Shari Rhodes deserves an academy award for casting Even Money. How she got these people to sign up for this one, I’ll never know. Consider the A-list here: Kim Basinger, Nick Cannon, Danny DeVito, Kelsey Grammer, Ray Liotta, Jay Mohr, Tim Roth, & Forest Whitaker. The beginning was good, as in the first 15 minutes. I liked the layered intro of the characters, but after that it went down hill quickly. It was terribly written and ridiculously predictable. It starts getting worse, but you keep hoping that something’s going to turn it around soon. It doesn’t happen. About half way through Basinger has an argument with her husband Liotta when this corny background music starts playing. Right then my wife looks up and says, “This sounds like a Lifetime movie.” I could not have described it any better. It would be a perfect Lifetime Original were it not for the all-star cast. Oh, Kelsey Grammar was good though, if only they didn’t bury his face in prosthetics and makeup, as to disguise the fact that it’s Kelsey Grammar.Don’t waste your money or your time on this one. You’ll have better luck with the nickel slots!
I just started reading a new book. I couldn’t get into The Lord of the Rings as easily as I did The Hobbit. My second attempt to read Eugene Peterson’s Christ Plays in Ten Thousand Places failed too. It’s not an easy read like his other books have been. I honestly tried though. I just wasn’t buying it nor enjoying it.
I picked up Searching for God knows what by Donald Miller at the library today. I just can’t put it down. I really enjoyed Blue Like Jazz. His conversational writing style is enjoyable and hysterical. I’ll blog more about the book a little later, but I thought I’d share the first couple quotes that jumped out at me:
“I realized the gospel of Jesus, I mean the essence of God’s message to mankind, wasn’t a bunch of hoops we needed to jump through to get saved, and it wasn’t a series of ideas we had to agree with either; rather, it was an invitation, an invitation to know God.
“If you happened to be a person who thought they knew everything about God, Jesus would have been completely annoying.”
Without a doubt one of the movies with the most spiritual impact that I’ve seen in a while has to be Levity, starring Morgan Freeman, Billy Bob Thornton, and Kirsten Dunst. I warn you, it’s gritty. The characters aren’t just flawed, they’re seriously messed up. Three lives intersect, each needing their own measure of grace in hopes of finding redemption. I’ll leave you with a few quotes in hopes that you will see it for yourself:
Miles Evans (Morgan Freeman): You think God talks to me? We argue maybe, but He don’t participate. It’s all right. I’ll see Him one day. When I do, I’m gonna whip His holy ass.
Miles Evans: You know, you could get lucky. God might decide to grade you on the curve.
Manuel Jordan (Billy Bob Thornton): It wouldn’t matter either way.
Miles Evans: You don’t know what the hell you talking about, do you? Why be afraid of a God that you don’t believe in? Oh, I know, it seems like people are making up shit so they can feel good about all the pain, all the cruelty, loss, violence, suffering, death. Famine, bigotry, small-mindedness, repression, depression, oppression. Want me to keep talking? ‘Cause I can go on forever with this shit.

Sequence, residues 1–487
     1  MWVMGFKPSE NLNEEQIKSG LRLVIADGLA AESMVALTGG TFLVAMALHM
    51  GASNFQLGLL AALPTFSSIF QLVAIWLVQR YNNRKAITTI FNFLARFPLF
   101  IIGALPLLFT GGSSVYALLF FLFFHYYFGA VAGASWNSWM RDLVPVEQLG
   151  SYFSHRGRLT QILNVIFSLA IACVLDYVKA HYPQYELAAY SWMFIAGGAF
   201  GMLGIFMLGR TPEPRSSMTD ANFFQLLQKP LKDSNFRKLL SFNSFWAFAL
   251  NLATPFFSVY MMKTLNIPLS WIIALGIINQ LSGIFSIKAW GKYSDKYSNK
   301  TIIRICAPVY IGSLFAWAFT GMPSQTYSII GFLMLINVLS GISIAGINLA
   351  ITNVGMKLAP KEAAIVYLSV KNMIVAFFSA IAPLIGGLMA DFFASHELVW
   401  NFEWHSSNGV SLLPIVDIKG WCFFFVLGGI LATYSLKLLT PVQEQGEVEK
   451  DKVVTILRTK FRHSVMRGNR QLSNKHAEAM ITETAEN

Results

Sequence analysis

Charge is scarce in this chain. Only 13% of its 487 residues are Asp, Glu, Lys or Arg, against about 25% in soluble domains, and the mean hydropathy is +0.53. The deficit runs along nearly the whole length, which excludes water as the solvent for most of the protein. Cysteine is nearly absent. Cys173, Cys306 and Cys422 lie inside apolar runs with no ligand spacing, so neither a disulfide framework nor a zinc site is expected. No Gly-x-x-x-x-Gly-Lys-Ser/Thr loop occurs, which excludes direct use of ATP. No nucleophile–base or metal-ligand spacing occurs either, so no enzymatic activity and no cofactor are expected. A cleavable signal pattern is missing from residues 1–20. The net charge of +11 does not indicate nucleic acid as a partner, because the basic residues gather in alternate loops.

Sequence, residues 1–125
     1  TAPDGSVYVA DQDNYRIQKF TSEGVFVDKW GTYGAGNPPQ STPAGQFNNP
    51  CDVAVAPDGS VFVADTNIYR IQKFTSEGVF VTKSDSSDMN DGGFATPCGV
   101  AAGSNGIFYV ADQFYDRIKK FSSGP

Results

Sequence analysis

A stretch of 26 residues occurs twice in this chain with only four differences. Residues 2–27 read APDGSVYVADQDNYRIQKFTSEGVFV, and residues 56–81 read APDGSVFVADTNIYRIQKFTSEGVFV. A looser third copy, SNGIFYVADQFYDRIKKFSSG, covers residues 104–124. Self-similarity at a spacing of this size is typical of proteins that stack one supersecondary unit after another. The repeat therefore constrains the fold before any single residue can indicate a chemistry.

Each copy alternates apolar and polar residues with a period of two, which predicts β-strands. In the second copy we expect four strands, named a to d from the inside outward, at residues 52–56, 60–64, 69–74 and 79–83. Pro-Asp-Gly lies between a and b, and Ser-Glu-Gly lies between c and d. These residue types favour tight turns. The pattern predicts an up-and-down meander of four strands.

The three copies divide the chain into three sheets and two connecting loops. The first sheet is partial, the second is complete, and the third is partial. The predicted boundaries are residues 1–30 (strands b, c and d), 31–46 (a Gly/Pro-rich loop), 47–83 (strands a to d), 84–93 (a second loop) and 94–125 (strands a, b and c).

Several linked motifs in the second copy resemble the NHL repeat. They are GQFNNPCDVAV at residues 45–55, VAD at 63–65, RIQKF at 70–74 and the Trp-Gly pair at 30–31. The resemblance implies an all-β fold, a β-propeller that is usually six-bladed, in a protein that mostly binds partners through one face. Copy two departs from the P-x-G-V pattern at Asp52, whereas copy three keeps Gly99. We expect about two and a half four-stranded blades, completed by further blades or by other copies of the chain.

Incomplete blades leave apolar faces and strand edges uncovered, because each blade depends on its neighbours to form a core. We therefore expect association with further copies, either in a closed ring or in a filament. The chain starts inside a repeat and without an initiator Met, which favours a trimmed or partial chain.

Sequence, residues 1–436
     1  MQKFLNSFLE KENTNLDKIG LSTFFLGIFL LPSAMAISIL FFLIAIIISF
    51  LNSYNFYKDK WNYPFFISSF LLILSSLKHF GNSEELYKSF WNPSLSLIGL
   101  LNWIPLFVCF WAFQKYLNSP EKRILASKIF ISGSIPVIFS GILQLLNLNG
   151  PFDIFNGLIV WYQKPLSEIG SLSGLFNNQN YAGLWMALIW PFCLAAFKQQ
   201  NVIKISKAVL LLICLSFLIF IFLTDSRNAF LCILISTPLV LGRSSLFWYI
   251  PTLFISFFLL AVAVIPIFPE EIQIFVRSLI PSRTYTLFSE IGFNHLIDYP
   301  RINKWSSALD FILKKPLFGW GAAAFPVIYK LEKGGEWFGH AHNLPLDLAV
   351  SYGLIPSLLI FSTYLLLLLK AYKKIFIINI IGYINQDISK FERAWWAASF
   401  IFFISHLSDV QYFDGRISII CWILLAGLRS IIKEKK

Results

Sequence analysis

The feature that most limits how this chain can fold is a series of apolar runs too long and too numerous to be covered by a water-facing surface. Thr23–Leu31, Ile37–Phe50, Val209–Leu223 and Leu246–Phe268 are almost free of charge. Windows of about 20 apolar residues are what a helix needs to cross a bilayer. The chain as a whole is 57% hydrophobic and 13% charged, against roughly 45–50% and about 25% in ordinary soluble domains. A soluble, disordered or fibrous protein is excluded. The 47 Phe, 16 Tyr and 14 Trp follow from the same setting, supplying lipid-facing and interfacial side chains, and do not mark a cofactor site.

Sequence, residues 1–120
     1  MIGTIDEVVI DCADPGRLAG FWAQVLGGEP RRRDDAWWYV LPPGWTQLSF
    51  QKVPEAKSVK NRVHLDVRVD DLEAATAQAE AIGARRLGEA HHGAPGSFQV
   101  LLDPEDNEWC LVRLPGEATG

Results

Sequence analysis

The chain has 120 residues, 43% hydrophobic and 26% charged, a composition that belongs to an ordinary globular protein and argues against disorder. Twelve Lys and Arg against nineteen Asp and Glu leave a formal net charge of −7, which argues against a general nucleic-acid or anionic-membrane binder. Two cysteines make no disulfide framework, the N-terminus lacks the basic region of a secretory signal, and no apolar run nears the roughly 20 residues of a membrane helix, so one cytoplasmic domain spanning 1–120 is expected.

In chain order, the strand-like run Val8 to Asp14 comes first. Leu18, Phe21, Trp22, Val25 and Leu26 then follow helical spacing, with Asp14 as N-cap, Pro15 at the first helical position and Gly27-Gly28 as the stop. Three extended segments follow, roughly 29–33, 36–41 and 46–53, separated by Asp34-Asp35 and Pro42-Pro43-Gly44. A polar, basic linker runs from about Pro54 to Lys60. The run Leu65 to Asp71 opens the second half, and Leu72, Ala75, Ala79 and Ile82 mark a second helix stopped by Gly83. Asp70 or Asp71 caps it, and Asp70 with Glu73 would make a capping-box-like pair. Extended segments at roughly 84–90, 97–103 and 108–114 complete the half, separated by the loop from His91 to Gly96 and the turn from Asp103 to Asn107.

Manuel Jordan: No, I get the point.
Miles Evans: The point is: I believe in the lie. Never underestimate its power. Now, as for me, well, I’m lying through my teeth. I’ll see you soon.
I finally tried the new Miller Chill “Chelada Style” today at lunch. (I know “drinking on the job” but it was Friday and I’m self-employed.) I’ll admit that I’m not a beer connoisseur nor a “drunkard,” but I enjoy a good beer (or two) with the right food. When I drink alcohol these days, I’m probably drinking beer as much as 40% of the time, as opposed to when I only drank wine and the occasional mixer.
Anyway, the stuff is good. When I heard “lime & salt,” I first thought it might taste like a Margarita. Not so. Like my astute bartender said, “it tastes like Corona with lime, but it’s less bitter.” Right on description. It’s mildly sweet too but very refreshing. I would say that it tastes like Corona Light with lime. I can’t taste any salt. It has the smooth flavor of Miller Lite. I don’t think a Bud Light version of this “Mexican recipe” would down too well since Bud has more hops flavor than Miller.
For a hot day or good Mexican food you can’t go wrong with Miller Chill. Cheers!
Changing Lanes is an amazing movie I never heard of before but just happened to see at Blockbuster. I’ve never been real impressed by Ben Affleck except in Good Will Hunting, but he really delivered in this one. The movie is an ordinary day that goes to hell quickly and continues to unravel at every turn just until it couldn’t get any worse. It’s a true crescendo effect of emotion with a very powerful ending.
Doyle (Jackson): “Money. You… you think I want money? What I want is my morning back. I need you to give my time back to me. Can you give me back my time? Can you give my time back to me? Huh? Can you?”
Gavin (Affleck): “They’ve got to write their own letters.”
Doyle’s Sponsor (William Hurt): “You know, booze isn’t really your drug of choice anyway. You’re addicted to chaos. For some of us, it’s coke. For some of us, it’s bourbon. But you? You got hooked on disaster.”
Gavin (Affleck): “It’s like you go to the beach. You go down to the water. It’s a little cold. You’re not sure you want to go in. There’s a pretty girl standing next to you. She doesn’t want to go in either. She sees you, and you know that if you just asked her her name, you would leave with her. Forget your life, whoever you came with, and leave the beach with her. And after that day, you remember. Not every day, every week… she comes back to you. It’s the memory of another life you could have had. Today is that girl.”